Feature

Psychologist Frank Dattilio, PhD, became curious about credentialing processes in the course of his forensic work. He began to hear psychologists referred to in court as having credentials--or even being "board certified"--by organizations he had never heard of.

Dattilio, himself certified by the American Board of Professional Psychology, did an experiment. He sent off an application, curriculum vitae and the required $350 to one of the organizations he had heard mentioned.

A week later and voila! Dattilio had a brand new credential in forensics. He didn't have to undergo any test or interview and he profoundly doubted if the organization had even had the time to check the veracity of his application or curriculum vitae.

"It was stunningly simple," says Dattilio.

Calls coming in to professional organizations, including APA's Practice Directorate, indicate many psychologists have questions about some credentialing organizations and whether their requirements are rigorous enough. And in today's world of managed care and stiffer competition, many find it useful to gain specialty credentials beyond the generic.

But caution is needed because some credentials aren't worth the paper they are printed on.

The Practice Directorate's Jan Ciuccio, who directs the APA College of Professional Psychology and its certification in alcohol and drug treatment, receives numerous calls from psychologists asking whether a particular credential is credible. While she cautions generally that only enforcement agencies such as the Federal Trade Commission or state attorneys general can police the offering of bogus credentials, Ciuccio assists callers by offering them ways to help determine "whether a particular credential is worth the time, effort and money to pursue."

The first step? Ask your state association and colleagues if they are familiar with a particular credential and what they think of its quality and integrity. Also, contact the credentialing organization directly and ask such questions as:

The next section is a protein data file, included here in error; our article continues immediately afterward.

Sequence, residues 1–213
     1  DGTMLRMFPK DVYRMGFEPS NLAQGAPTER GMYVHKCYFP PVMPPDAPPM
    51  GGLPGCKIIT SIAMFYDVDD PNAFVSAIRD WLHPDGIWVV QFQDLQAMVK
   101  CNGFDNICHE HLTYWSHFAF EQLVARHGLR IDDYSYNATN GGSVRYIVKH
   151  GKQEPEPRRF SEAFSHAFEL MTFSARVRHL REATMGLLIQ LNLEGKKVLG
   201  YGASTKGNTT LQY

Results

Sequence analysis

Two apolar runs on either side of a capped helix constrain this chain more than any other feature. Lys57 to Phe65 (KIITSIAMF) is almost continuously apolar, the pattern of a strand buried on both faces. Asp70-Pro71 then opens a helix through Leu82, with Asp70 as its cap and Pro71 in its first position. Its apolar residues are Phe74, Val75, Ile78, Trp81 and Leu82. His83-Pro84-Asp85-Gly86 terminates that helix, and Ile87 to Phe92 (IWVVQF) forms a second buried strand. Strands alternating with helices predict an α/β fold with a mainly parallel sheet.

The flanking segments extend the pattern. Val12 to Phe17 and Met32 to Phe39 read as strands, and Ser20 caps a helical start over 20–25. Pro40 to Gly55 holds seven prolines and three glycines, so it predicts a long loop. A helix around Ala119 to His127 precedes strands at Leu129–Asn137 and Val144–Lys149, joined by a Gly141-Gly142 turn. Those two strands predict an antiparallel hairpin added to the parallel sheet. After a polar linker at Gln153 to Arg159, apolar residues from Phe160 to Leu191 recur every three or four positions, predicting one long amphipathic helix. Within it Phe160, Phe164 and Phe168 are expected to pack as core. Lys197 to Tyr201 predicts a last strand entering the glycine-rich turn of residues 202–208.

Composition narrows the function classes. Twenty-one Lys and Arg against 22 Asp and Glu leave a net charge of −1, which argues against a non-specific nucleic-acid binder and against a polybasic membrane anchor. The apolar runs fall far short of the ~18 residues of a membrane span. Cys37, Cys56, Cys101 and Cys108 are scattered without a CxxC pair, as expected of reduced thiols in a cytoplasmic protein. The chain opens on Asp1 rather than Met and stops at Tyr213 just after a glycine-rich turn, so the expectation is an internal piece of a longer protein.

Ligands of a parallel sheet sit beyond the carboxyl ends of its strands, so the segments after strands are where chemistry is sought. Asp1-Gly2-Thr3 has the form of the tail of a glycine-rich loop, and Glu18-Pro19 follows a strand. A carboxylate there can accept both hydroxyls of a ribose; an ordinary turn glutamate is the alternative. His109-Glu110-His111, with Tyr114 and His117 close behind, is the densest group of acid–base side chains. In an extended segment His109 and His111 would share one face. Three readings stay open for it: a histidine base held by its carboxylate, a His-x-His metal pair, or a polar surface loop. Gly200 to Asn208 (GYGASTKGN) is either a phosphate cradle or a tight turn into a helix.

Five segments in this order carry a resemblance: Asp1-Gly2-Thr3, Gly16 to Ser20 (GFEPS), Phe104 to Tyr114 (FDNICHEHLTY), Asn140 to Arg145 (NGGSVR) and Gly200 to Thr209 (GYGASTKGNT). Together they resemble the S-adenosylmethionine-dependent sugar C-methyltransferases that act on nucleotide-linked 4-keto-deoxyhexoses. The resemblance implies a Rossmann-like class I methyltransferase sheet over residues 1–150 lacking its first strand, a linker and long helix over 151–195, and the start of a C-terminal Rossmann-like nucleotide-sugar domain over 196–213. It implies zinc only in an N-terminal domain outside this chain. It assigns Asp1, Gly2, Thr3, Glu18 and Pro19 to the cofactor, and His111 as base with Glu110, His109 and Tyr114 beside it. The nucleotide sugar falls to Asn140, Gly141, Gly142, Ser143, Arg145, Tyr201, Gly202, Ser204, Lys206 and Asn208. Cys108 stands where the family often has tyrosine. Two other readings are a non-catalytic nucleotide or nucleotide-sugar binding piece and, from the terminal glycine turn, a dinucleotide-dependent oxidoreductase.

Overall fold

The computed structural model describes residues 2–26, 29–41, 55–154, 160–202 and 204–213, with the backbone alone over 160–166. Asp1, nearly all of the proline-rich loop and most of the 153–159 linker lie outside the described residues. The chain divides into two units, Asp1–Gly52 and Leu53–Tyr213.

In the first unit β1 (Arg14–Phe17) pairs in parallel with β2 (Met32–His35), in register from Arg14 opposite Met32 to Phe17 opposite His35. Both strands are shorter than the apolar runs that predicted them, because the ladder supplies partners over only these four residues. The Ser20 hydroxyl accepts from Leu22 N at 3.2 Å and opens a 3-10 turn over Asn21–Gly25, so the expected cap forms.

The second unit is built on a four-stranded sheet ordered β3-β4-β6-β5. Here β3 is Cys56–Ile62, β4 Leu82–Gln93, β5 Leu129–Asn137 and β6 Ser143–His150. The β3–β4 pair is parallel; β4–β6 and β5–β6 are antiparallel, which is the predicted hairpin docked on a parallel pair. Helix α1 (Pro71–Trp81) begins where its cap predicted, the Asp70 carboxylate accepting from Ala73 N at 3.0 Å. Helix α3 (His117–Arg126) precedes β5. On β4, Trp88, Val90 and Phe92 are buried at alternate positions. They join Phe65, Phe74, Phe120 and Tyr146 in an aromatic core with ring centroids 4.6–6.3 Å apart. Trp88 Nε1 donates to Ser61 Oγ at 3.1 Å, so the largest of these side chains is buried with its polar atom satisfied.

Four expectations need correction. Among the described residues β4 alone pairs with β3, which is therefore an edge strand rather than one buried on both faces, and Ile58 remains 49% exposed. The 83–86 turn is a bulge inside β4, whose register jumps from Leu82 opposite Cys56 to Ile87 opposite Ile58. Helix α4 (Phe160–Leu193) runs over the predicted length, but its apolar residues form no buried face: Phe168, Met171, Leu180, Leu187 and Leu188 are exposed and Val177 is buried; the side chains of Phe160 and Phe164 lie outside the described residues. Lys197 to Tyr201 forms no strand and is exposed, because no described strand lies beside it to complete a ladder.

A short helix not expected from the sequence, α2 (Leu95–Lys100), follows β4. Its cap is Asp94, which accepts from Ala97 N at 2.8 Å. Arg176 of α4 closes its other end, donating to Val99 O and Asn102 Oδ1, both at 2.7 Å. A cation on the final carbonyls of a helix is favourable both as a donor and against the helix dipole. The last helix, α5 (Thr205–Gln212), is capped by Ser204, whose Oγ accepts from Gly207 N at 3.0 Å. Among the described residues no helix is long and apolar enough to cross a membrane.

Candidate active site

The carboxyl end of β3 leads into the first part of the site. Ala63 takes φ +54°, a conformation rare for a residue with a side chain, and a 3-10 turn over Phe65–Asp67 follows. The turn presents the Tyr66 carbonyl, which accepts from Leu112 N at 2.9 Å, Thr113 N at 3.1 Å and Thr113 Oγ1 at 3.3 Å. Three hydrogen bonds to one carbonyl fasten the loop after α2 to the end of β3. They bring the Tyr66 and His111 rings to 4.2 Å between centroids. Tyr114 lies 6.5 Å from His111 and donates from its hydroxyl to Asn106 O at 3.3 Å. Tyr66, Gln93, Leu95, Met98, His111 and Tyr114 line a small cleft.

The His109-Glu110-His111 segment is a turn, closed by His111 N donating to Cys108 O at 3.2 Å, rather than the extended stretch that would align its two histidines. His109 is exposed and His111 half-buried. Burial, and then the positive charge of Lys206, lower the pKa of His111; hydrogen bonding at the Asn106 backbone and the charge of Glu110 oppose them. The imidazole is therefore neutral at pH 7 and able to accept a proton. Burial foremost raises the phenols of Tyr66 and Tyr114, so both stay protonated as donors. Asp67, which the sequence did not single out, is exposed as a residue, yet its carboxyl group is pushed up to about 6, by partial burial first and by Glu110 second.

• How long has the organization been in existence?

  • Is it nonprofit?

  • Is the organization affiliated with a well-known entity within the profession, such as a national professional association?

  • How many individuals are currently certified by this organization?

  • Is there a certification examination? If so, was a practice analysis (also called a task analysis or job analysis) done as part of the development of that exam?

  • If there is an exam, what is the name of the examination company that guided its development?

  • Who are the professionals who provided the expertise in the subject matter for the exam?

  • Does the organization require certificants to get continuing education to maintain certification?

  • Who are the members of the board of directors and what are their professional affiliations?

  • Who is the organization's executive director and what is his or her professional background?

Psychologists may also want to note some of the standards of the National Commission for Certifying Agencies, a body that accredits certifying organizations themselves. The commission calls for certifying bodies to demonstrate adequate resources and staff knowledge for ongoing certification and recertification activities. It also calls for them to demonstrate that the testing mechanisms adequately measure the knowledge and skill required for entry, maintenance and advancement in the certification area.

Credible certifying entities should also be willing to provide descriptive materials on the procedures used in the exam construction and validation, as well as all eligibility requirements and determination procedures and a comprehensive summary or outline of the information, knowledge or functions covered by the exam.

According to Ciuccio, "a psychologist should take the time to investigate a credentialing entity with the assistance of appropriate guidelines and be cautious about submitting an application if the resulting information raises potential red flags."